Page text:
Monday, February 21, 2022

What items can YOU put in your Proof Book?

To sell more, you need third-party cred. Who have you (or your products/services) most impressed, and how?

The best way to build trust is to have a mittful of testimonials or case studies. In my experience, however, most companies (or salespeople) mismanage this process. They don't keep a record of positive client feedback they've received, and they don't develop customer success stories that they can insert into sales conversations at the drop of a hint.

How do you get better at this? My friend and mentor Tom Stoyan, “Canada’s Sales Coach,” has an answer: Pull out your Proof Book.

Stoyan says: “Since most of us don't like to buy on unsupported facts or claims, develop a resource that can be used to prove the benefits of your product or  company. This could include testimonials, media articles, charts, statistics and   brochures.”

When prospects ask tough questions or express some doubt, hit ’em with your Proof Book: the body of evidence that says you consistently create value for your clients and your community.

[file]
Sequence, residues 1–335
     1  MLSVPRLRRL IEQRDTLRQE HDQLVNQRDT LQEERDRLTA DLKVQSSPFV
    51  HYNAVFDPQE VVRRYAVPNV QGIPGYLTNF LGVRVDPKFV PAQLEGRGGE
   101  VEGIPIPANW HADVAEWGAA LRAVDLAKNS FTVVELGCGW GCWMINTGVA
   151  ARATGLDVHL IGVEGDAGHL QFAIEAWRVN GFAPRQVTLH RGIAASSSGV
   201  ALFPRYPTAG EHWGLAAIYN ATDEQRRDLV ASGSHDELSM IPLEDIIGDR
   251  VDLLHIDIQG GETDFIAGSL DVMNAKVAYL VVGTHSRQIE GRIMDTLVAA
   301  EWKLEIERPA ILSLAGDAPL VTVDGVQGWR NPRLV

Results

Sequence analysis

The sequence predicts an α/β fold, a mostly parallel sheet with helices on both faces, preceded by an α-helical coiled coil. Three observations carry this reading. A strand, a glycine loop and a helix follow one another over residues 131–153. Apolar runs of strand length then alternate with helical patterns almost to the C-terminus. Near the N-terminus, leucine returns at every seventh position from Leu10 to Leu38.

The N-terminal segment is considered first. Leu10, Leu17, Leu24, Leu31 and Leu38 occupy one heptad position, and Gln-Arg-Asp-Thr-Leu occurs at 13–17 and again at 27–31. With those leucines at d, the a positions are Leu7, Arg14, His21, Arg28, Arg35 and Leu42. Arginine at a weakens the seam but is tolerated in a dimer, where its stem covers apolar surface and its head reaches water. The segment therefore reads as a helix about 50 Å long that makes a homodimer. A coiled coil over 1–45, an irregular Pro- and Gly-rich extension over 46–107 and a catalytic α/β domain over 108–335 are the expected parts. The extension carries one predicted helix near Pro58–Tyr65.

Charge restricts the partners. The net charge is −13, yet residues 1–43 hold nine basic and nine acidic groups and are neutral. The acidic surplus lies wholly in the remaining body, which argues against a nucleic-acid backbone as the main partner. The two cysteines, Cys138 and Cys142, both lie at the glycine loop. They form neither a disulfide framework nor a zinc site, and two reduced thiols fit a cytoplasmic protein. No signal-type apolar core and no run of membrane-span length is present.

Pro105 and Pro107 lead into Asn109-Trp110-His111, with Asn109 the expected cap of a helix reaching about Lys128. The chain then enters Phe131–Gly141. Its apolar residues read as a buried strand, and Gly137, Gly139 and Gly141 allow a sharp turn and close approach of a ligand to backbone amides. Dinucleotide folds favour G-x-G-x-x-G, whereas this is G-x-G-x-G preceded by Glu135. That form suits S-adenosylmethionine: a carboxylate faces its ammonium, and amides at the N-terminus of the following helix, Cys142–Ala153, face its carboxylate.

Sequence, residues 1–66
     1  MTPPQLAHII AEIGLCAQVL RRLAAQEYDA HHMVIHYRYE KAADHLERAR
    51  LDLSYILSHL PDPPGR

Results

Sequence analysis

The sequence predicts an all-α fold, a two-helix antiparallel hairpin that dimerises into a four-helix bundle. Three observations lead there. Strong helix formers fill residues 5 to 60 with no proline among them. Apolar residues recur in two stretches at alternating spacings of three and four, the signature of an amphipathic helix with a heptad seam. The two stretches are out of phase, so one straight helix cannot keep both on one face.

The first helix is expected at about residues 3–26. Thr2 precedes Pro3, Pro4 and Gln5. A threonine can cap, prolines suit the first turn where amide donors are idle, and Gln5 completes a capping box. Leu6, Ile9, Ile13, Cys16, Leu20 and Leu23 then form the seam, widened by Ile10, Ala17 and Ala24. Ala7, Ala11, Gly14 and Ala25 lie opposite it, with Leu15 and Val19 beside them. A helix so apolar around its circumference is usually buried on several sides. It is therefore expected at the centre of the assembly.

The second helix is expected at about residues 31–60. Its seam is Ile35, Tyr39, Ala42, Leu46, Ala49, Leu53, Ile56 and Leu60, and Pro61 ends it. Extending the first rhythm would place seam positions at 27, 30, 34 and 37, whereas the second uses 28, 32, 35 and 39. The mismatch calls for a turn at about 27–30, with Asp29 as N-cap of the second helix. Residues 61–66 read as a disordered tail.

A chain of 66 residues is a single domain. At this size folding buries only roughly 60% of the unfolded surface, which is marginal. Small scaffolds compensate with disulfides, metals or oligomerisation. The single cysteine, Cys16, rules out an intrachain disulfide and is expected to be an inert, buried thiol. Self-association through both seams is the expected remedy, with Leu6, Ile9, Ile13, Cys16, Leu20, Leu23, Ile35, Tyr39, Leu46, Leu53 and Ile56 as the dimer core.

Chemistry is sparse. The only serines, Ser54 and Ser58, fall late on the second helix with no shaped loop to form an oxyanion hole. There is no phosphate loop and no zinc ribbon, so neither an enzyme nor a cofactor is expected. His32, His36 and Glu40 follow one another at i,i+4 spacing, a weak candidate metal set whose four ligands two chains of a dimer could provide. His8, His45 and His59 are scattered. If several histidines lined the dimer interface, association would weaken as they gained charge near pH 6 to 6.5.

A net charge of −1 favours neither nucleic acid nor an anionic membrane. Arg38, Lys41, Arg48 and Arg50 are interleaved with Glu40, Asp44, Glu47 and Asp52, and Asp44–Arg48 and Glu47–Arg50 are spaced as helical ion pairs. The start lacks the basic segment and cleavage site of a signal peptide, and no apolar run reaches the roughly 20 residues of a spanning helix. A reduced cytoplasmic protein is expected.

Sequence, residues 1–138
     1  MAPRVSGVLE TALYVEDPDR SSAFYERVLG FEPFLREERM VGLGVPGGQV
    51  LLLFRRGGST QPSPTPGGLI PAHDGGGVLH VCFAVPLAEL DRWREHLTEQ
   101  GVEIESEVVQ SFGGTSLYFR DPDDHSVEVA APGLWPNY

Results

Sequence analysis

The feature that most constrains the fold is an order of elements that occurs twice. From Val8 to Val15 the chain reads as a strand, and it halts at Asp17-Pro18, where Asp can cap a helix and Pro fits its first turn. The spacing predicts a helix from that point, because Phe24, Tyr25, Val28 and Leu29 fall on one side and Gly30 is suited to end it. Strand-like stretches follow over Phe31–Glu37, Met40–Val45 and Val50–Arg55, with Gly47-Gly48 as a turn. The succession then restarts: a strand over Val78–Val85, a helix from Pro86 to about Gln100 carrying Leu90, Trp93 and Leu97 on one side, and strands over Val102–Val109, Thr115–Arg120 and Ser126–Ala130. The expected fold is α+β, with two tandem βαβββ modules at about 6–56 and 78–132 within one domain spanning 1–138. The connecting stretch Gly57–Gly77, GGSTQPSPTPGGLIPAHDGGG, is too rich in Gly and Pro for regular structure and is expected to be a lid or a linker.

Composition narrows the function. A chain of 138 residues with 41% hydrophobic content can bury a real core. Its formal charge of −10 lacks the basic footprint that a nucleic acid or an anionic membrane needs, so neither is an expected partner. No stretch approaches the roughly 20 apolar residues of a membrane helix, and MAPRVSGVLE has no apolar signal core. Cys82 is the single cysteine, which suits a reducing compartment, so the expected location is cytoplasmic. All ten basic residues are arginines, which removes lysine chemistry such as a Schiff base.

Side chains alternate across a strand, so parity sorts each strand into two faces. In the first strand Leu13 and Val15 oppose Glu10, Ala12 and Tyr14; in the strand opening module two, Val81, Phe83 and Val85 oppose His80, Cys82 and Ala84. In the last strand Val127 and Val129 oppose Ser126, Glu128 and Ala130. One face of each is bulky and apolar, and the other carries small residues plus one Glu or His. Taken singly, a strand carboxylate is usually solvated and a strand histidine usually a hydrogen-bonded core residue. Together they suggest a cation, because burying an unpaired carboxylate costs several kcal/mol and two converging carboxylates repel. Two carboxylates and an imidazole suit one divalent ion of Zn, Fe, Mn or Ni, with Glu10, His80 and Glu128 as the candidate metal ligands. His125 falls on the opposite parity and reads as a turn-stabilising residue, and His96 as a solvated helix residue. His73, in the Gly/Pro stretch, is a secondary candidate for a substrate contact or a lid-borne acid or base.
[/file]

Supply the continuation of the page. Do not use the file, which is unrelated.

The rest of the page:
What items could you include in your Proof Book?

Think back on all the evidence you've earned overt the years: emails, letters of appreciation, awards, positive media appearances, social media post, speaking opportunities, etc. Whatever documents your products success, or your own stature as a leader in your field. 

Then, ask yourself, what additional stories could you tell if you went back to satisfied clients and asked them for anecdotes or testimonials about your relationship together?

Extra Bonus: If you're looking for a chance to do more work for past clients, contacting them to ask for a testimonial, or some other evidence of the benefits you've generated, may be your secret weapon in rekindling that relationship. 

One more note: sometimes customers have trouble describing their satisfaction, or quantifying the value you've created. Or maybe they're just too busy. Jump on this opportunity! Offer to write the testimonial for them, and say you’ll run it by them for their approval.

Then write something up that you’d like them to say about you. Try to write in their voice, from their point of view. Keep it simple and jargon-free; customers use different language than you do. Be concise. Use strong, upbeat and professional language that will show you and your client in a good light.  

Your contact will appreciate you doing the work for them, and will likely approve whatever text you show them. Confirm that you have permission to reprint this testimonial – and then stuff it into the front of your Proof Book.

 The Voice of the Customer is golden.

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